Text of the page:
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Loch Hourn’s David v Goliath fish farming battle leaves MOWI reeling

Peter Fletcher on the lakeshore. (Photo courtesy of Peter Jolly)

A TINY Highland community in a remote area known as Scotland’s last wilderness has won a stunning victory over a multi-billion-pound salmon farming giant.

Now the group says its campaign to block expansion of the salmon farm on Loch Hourn is a rallying call to other coastal communities, marking a crucial first in the battle to protect wild fish populations.

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The Friends of Loch Hourn (FoLH) group believes its knife-edge planning committee victory represents the first time in Scotland that such a project has been quashed because of the threat to wild salmon and sea trout.

It says the David versus Goliath victory is a milestone moment in recognising the biggest threat posed by industrial scale fish farming – how parasites harm wild species.

Peter Fletcher, whose family has lived for many generations in Arnisdale, said: “At least two main rivers here are now extinct as far as salmon are concerned and a third is teetering on the edge.” 

“Within living memory Loch Hourn was teeming with salmon and sea trout. Now wild populations have dwindled so far that they are under threat. It is an ecological catastrophe.”

“While this decision is just vindication of the incredible efforts of our tiny, rural community against the might of a huge corporation, the fight to restore the loch’s habitats and species is only just beginning.” 

Loch Hourn, considered the most fjord-like of Scotland’s west coast sea lochs enjoys a dramatic setting, It sits between the Glenelg peninsula to the north and the inaccessible Knoydart peninsula to the south, and is often referred to as Scotland’s last wilderness.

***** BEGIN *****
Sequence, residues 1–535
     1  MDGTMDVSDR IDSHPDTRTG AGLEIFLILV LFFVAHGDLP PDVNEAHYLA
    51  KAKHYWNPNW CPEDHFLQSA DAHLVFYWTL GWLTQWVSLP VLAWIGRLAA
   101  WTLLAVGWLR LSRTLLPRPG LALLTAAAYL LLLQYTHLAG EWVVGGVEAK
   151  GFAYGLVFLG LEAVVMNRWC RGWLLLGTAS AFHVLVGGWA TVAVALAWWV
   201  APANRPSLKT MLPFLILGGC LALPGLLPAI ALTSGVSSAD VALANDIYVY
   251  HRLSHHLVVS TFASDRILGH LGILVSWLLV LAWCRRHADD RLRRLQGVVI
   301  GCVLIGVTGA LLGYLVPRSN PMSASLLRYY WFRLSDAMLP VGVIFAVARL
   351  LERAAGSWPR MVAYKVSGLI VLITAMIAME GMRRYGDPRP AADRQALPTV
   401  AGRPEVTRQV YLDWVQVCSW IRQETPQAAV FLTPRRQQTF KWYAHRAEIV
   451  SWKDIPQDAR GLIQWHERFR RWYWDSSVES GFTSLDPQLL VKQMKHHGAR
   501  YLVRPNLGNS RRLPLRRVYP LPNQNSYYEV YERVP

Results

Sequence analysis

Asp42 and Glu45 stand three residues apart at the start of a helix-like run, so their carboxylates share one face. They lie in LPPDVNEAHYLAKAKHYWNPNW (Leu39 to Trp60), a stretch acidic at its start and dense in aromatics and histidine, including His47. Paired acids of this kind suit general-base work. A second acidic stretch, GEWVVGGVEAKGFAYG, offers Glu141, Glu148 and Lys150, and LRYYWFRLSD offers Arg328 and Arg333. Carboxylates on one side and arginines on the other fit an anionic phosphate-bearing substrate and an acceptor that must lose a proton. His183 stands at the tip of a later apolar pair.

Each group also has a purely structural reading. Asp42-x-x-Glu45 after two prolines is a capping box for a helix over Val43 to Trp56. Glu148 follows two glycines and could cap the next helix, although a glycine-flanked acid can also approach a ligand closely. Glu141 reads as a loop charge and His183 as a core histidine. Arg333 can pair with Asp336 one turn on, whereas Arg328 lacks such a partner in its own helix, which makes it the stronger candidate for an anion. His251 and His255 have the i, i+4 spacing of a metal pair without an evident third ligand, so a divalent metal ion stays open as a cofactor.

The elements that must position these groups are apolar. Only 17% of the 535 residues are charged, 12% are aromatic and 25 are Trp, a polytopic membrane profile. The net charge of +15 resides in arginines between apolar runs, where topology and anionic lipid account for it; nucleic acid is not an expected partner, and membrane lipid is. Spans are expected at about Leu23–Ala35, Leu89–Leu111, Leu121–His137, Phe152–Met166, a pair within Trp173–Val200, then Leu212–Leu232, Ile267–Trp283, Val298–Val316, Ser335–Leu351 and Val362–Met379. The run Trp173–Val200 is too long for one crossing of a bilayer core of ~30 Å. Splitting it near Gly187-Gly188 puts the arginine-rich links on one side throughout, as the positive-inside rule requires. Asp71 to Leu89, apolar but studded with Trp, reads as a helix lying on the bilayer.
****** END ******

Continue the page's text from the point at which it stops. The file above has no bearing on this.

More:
The Creag an T’Sagairt salmon farm is owned and operated by the £2.28 billion-a-year Norwegian seafood giant, Mowi and farms 2500 tonnes of salmon in its open cages. It initially applied to Highland Council for permission to increase production by 25% to 3100 tonnes.

That spurred FoLH into action and with a combination of grant and private funding the group commissioned scientific modelling, which showed that the increased numbers of sea lice coming from the farm would not only further endanger wild salmon and trout, but also would adversely affect the vulnerable Loch Hourn population of freshwater pearl mussels. 

On top of that, the slow flushing loch cannot quickly get rid of the chemicals used by the farm to kill lice, which are also toxic to other crustaceans and potentially to swimmers.

Mounting evidence from all around the world has focused on the threat from sea lice. Marine Scotland has summarised that science and clearly stated that wild fish closer to Scottish salmon farms have an increased “stress-inducing sea louse burden”.

On June 15, FoLH’s detailed evidence, supported by individual submissions by the Loch Hourn community and The Skye & Lochalsh Rivers Trust, led to a 7-6 vote by the Northern Planning committee in Dingwall to reject Mowi’s application, albeit by then reduced to 2750 tonnes.

Mick Simpson, a local fisherman in Arnisdale praised councillors who took the time to read the FoLH dossier and added: “We owe thanks to those councillors who made an effort to see what the research says. Armed with that information it was clear their consciences would not allow them to vote for this expansion to the fish farm.”

 “Throughout this process we have doggedly stuck up for the truth by research and by documenting everything we could to show why this expansion would be a disaster for the area. We hope Mowi will now respect the planning decision and the feelings of the local community.”

“Our hope now is that we can inspire people that this can be done, even for super-remote communities like ours. As members of the Coastal Community Network, we know many similar groups will be looking at this decision very closely.” 

Mowi Scotland has given their own response to the decision. Stephen MacIntyre, Head of Environment for Mowi Scotland, commented: “We were disappointed with the decision of the committee given the application received no objections from all statutory science bodies and that the planning officials had recommended the application for approval. We are now reviewing the process that led to this decision and considering our options.”

Despite its victory, FoLH was not set up solely to oppose the salmon farm. It will now survey the loch to assess the viability of restoring native oyster and sea grass beds, vital habitats for other marine species and important for carbon sequestration and storage and will also support ongoing research into the cause of a sharp decline of blue mussel populations.

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